Just like in humans, vaccinations play an important role in keeping pets healthy by providing immunity against many serious diseases. These precautions in animals are necessary to prevent the spread of diseases and ensure their long-term health.
In Wisconsin, all dogs must be licensed by five months of age, and to be licensed, they must have proof of a current rabies vaccine. Cat license requirements and fees vary by location and may be higher for unaltered pets.
Wisconsin requires proof of specific vaccinations for pet licensing to ensure public health protection and control the spread of disease. In La Crosse County, the deadline to license your pet to avoid fines is March 31.
With licensing available from January 1st to March 31st to avoid late fees, now is a good time to schedule all of your pet’s basic vaccinations, as well as your pet’s exposure risk. Also non-core vaccines given from
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According to Onalaska Animal Hospital co-owner and veterinarian Dr. Nicole Eisen, core vaccines are the ones recommended for all pets, regardless of their condition.
“For dogs, these typically include rabies, distemper, parvovirus, and adenovirus. For cats, primary vaccines typically include rabies, feline calicivirus, feline herpesvirus type I (rhinotracheitis) and panleukopenia (feline Distemper) included.”
Non-coverage vaccines can cover diseases including Bordetella bronchiseptica, Lyme disease, and leptospirosis in dogs and feline leukemia virus in cats, he added.
Vaccines contain antigens that mimic disease-causing organisms but do not actually cause disease. When administered, they stimulate the immune system to respond and produce immunity. So, if the animal later contracts the disease, its immune system recognizes it and is ready to fight it.
“Some people are concerned about vaccinating their pets, but what they should really be concerned about is — aside from referrals — dropping them off,” Azene said. “Without vaccinations, pets are at high risk of contracting and spreading infectious diseases. Some of these diseases, such as rabies, can be fatal and pose a significant public health threat. In addition, non- Vaccinated pets may require more expensive medical treatment if they develop treatable diseases.”
In Azene’s experience, she said people who resist pet vaccines usually cite one of five reasons:
1. They worry about vaccine safety or that the vaccine itself might make their pet sick. But Azene said vaccines undergo extensive testing and monitoring for safety and effectiveness, and side effects are usually mild and temporary, far less severe than the diseases they prevent.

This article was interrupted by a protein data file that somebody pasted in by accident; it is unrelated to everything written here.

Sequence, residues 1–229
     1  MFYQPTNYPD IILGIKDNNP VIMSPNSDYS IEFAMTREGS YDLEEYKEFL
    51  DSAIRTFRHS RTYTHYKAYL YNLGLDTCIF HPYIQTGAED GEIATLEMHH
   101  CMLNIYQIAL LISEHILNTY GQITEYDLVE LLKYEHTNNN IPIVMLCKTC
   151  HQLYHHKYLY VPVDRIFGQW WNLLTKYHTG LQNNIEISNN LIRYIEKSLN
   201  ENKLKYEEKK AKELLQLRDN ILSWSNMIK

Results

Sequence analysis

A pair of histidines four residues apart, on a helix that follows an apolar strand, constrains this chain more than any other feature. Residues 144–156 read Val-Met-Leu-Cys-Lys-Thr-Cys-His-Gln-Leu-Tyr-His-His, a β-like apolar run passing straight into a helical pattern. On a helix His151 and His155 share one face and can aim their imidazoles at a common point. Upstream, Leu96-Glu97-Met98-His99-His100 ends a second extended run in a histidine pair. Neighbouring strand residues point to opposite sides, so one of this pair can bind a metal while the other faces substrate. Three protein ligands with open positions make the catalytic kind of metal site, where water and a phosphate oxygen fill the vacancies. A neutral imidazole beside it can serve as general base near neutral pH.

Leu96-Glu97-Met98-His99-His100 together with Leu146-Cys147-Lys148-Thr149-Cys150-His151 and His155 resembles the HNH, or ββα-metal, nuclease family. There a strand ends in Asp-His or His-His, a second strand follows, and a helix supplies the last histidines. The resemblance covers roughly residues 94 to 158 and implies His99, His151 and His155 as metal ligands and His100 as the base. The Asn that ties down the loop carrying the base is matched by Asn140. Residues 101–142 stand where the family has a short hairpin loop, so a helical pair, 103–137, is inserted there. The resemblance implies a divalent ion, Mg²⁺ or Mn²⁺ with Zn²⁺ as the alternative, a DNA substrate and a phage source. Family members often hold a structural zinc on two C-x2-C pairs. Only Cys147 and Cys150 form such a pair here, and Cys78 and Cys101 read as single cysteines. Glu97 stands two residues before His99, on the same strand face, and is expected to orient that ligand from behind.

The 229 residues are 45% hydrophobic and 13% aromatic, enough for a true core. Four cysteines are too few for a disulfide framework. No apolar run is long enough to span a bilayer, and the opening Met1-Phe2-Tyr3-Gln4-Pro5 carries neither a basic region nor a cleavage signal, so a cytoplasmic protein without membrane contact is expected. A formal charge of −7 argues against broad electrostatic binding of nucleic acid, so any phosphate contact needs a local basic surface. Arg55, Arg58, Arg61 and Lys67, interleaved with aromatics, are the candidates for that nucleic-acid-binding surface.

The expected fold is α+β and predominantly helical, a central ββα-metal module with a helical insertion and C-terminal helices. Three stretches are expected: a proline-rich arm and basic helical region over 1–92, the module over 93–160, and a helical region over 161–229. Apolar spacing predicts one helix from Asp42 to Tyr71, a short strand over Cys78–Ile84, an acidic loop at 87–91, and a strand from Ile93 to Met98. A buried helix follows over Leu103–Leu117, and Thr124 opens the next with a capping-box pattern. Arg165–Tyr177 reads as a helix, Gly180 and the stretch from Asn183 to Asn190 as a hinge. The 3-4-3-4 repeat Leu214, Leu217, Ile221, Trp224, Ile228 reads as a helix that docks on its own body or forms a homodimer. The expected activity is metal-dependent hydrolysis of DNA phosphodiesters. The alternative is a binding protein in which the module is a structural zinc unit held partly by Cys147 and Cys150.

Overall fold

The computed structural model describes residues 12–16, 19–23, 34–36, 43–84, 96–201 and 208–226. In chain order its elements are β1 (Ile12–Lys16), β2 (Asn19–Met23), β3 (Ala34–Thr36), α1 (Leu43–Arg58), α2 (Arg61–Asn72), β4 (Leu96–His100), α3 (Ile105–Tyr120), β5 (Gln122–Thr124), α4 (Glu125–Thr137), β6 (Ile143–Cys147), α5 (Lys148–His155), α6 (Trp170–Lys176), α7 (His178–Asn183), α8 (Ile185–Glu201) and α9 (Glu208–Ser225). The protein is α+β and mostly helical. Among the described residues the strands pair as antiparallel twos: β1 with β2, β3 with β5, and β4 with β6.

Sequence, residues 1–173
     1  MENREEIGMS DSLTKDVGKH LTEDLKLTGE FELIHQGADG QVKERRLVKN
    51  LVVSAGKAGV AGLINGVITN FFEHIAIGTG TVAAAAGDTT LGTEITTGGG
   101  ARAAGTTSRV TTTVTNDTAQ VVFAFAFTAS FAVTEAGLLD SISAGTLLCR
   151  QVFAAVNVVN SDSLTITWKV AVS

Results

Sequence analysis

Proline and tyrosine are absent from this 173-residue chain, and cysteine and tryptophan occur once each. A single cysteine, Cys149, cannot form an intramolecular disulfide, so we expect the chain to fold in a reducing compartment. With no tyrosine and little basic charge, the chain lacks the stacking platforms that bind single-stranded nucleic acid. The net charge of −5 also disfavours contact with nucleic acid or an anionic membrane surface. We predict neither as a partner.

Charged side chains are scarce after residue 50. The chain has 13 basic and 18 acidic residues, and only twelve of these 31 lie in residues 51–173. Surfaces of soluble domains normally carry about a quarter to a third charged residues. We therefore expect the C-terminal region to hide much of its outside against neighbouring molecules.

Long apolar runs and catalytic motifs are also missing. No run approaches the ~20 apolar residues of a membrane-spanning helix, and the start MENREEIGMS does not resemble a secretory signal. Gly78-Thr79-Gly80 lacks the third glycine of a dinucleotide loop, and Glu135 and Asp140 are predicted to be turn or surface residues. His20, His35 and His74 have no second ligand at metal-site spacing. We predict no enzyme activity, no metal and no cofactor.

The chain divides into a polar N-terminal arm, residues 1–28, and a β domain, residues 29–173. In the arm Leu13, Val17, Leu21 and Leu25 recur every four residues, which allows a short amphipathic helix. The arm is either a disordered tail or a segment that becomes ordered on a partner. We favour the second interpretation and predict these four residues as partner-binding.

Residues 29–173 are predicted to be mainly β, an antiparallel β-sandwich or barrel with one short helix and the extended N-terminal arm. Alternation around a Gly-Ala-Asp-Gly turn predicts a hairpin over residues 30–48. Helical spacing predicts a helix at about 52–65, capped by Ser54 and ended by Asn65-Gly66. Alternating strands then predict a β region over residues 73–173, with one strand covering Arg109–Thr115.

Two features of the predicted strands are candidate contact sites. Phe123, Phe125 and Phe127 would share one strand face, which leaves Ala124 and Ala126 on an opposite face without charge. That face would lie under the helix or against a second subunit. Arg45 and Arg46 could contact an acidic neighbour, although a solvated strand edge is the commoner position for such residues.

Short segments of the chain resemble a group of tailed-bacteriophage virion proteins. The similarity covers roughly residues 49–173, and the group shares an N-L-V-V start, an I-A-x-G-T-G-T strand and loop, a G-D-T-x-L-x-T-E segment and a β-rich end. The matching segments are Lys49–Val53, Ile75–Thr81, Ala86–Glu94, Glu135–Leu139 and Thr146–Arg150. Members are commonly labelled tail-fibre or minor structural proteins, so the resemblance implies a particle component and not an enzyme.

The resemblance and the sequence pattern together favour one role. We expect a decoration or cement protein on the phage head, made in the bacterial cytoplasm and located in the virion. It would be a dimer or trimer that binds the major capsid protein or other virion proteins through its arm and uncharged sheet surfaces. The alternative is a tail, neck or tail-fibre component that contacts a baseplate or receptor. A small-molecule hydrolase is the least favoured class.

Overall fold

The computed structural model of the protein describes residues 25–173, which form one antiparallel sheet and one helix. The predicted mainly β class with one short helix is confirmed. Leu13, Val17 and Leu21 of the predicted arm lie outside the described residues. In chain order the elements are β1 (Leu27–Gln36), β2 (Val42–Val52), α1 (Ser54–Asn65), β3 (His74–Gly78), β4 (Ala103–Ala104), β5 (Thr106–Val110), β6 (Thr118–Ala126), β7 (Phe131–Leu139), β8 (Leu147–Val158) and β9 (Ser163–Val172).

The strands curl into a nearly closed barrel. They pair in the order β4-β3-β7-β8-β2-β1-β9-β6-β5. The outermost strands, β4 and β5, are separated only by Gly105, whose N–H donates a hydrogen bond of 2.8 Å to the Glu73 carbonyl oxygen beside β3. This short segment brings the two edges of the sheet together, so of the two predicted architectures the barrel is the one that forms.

2. There may be mistrust or lack of understanding about the effectiveness and necessity of vaccines. Reliable veterinary science supports the use and efficacy of vaccines. Veterinarians can provide accurate information and dispel myths, helping owners make informed decisions.
3. They cannot afford to vaccinate their pets. But vaccinations are a fundamental part of pet ownership and a responsibility you accept when you decide to become a pet owner.
4. Their pets live indoors, so they are not at risk of disease. “Indoor pets can still be exposed to viruses and bacteria, as they can come into the home through shoes, clothing or other pets,” Ezin said. “Vaccinations help protect your animals regardless of the environment they live in.”
5. Their pet has had an adverse vaccination experience in the past. “If your pet has had an adverse reaction to a vaccine in the past, veterinarians can adjust the vaccination protocol or schedule to minimize risks, increase your pet’s comfort and ensure safety. Precautions can be taken.”
For specific deadlines and regulations regarding pet licensing and required vaccinations in your area, it’s best to consult your local county or city government’s website or contact them directly. They will provide the latest and applicable information.
Regardless of regulations, pet vaccinations are an important part of responsible pet ownership. This protects pets and protects the community from the spread of potentially dangerous diseases.
Heather Drewold is the executive director of the Cowley Region Humane Society. It can be reached. Heather.Drievold@couleehumane.com.